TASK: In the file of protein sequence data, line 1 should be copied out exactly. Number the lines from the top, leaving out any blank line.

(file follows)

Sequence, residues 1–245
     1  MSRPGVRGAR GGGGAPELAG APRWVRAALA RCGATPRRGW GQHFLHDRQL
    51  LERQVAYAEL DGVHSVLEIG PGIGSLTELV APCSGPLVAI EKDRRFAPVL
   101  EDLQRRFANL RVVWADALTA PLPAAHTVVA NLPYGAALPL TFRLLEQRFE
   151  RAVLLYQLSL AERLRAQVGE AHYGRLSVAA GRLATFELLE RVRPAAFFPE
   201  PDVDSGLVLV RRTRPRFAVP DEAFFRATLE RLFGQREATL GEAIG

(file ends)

Sequence, residues 1–245